Featured SNORKELING SPOTS
Off Key Largo, the snorkeling at John Pennekamp State Park is known for its dramatic underwater scenery and diverse marine life. When snorkeling, you will see corals along with up to 400 types of tropical fish. The John Pennekamp Coral Reef State Park is an underwater park starting on the eastern coast of Key Largo and far offshore for 5 miles to the main reef. There are a couple novice snorkeling dives accessed from the park beaches, but the real action is the numerous boat accessed snorkeling dives about 20 minutes offshore.
On Key West, there is good snorkeling to be found at the Key West Marine Park. The marine park is maintained by the Reef Relief non-profit organization based in Key West. You may encounter yellow butterflyfish, nurse sharks, grunts, hogfish, damselfish, wrasse, porcupine fish, trunkfish, parrotfish and the occasional spotted eagle ray. The 40 acre Key West Marine Park has a hard-bottom coral community extending 600 feet offshore on the south side of Key West from Higgs Beach to South Beach. It is a designated swimming-only zone marked by buoys.
On the south side of Marathon Key, the snorkeling off Sombrero Beach is popular with local families. Within the designated swimming area, there are calm sea grass beds among the sand flats that are habitat for starfish, lobster and crabs. Plus, from April to October, the beach area is known for its hawksbill turtles. However, the water clarity is usually pretty poor unless it is super calm and windless for several days in a row. Even with clarity, there is usually not much to see. The best bet is to try snorkeling along the rocks at both ends of the beach during high tide, and you'll want to try March through September.
South of Islamorada, the snorkeling at Alligator Reef is very popular for diverse marine life and purple sea fans. The Alligator Reef Sanctuary Protection Area is marked by a 136 foot lighthouse and has several mooring buoys. While the snorkeling at Alligator Reef is possible year-round, most snorkelers usually shoot for March through September. In the 8 to 50 foot deep water, you can expect to see snapper, surgeonfish, parrotfish and baracudas among hard and soft corals.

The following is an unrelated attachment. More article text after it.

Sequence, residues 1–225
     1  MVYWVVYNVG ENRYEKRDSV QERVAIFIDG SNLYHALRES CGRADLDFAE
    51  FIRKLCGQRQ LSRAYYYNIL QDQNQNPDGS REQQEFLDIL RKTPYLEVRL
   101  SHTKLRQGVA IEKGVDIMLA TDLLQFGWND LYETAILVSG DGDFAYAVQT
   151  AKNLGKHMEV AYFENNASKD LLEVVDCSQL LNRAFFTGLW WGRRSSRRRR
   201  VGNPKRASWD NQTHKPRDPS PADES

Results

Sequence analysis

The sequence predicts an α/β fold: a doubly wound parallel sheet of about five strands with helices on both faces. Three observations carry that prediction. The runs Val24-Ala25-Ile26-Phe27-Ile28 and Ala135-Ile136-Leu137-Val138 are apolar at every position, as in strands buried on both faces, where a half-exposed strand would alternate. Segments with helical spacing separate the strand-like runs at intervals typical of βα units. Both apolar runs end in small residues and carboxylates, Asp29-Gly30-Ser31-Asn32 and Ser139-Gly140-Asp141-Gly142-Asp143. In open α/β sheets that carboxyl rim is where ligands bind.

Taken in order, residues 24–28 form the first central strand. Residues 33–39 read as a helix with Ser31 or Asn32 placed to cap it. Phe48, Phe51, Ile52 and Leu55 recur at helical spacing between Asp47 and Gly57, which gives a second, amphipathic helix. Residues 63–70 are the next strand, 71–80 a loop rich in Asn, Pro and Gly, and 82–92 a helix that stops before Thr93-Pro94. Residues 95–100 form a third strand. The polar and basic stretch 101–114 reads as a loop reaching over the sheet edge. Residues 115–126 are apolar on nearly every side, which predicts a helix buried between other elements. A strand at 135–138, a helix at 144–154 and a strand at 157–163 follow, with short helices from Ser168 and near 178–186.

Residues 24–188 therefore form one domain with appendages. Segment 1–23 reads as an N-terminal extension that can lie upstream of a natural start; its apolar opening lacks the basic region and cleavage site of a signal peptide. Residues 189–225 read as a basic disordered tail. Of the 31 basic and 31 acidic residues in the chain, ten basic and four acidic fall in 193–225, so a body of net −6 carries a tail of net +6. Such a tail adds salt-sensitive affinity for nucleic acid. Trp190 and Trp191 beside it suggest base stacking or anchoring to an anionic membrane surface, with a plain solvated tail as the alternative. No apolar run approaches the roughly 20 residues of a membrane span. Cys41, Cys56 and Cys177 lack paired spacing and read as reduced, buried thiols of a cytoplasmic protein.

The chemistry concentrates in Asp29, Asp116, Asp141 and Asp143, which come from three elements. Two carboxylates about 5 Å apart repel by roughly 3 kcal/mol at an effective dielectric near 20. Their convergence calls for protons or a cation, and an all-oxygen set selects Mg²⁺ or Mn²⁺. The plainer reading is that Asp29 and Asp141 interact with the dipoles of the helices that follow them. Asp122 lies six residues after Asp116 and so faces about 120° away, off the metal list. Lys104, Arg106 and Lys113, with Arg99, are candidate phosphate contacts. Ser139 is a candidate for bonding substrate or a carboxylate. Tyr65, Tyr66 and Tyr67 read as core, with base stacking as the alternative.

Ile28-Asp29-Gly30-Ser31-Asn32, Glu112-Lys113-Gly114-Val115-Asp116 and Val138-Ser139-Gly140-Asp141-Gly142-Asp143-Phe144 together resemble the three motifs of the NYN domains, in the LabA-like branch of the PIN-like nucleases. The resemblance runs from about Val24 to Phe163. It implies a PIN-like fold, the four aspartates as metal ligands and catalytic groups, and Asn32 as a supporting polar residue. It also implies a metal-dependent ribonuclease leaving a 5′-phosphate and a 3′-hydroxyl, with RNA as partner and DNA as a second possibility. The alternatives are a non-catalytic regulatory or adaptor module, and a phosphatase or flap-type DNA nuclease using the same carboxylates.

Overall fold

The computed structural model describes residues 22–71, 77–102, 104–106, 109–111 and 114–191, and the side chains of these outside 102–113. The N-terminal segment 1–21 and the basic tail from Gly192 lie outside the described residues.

Southeast of Key Largo, the snorkeling at White Bank Dry Rocks reef is popular for its two coral reefs separated by a narrow channel. While snorkeling White banks, you can expect to see parrotfish, damselfish, angelfish, butterflyfish and plenty of snorkeling tour boats. The northern section is known for it's denser coral formation in 18 foot deep water, while other sections have plentiful sea fans and sea plumes. While the snorkeling at White Bank Reef is possible year-round, most snorkelers usually shoot for March through September.
West of Key West, the snorkeling at Dry Tortugas is popular with tourists coming from Key West by ferry and seaplane. The main landing point in the Dry Tortugas archipelago is Garden Key, which is the site of old Fort Jefferson. Within the expansive sand flats surrounding the islands, there are old coral reefs, rocks and artificial reefs that provide habitat to colonies of typical reef fish. There are plenty of sea fans, sea rods and christmas tree worms along with some small brain corals. Most snorkelers only experience the snorkeling dive sites surrounding Garden Key, but there is also some interesting snorkeling off nearby Bird Key and also Loggerhead Key. While originally known for isolated coral head formations, much of the coral growth has been impacted by storms and climate change.
Offshore of Lower Matecumbe Key, the snorkeling at Indian Key is known for its coral formations and diverse marine life. The island is an old coral reef. The waters and rocky shores of Indian Key Sanctuary Protection Area are only accessible by kayaking or dive boats. There is good snorkeling off the south and east sides of the island. The waters are quite shallow and rocky, so be careful - high tide might be a good time to snorkel here.
South of Marathon Key, the Sombrero Reef is by far the most popular snorkeling dive site in the Middle Keys. At this boat accessed site, there is a large spur and groove coral reef with star coral, brain coral and elkhorn coral. The snorkeling depth at Sombrero Reef ranges from 2 to 25 feet deep. While the snorkeling at Sombrero Reef is possible year-round, most snorkelers usually shoot for March through September. There are also some nice grassbeds that are perfect for beginner snorkelers to explore. During Sombrero Reef snorkeling, you may encounter baracuda and seargent majors among this 30 acre dive spot.
In the upper Florida Keys, the snorkeling off Key Largo is known for its several reefs of elkhorn and brain coral such as Molasses Reef. These reef are covered in sea fans that provide habitat for sergeant majors, blue tangs and angelfish. The Molasses Reef Sanctuary Preservation Area is a classic spur-and-grove reef system in 5 to 40 foot deep water. It is located within the boundary of John Pennekamp Marine State Park.
West of Key West and just west of Dry Tortugas, the snorkeling at Loggerhead Key is known for its coral reefs. This archipelago is part of the Florida Keys National Marine Sanctuary. In addition, off the southwest side of Loggerhead Key, there is good snorkeling on the shallow Windjammer wreck (aka Avanti or French Wreck) in 18 foot deep waters. The wreck is covered in star coral and brain coral.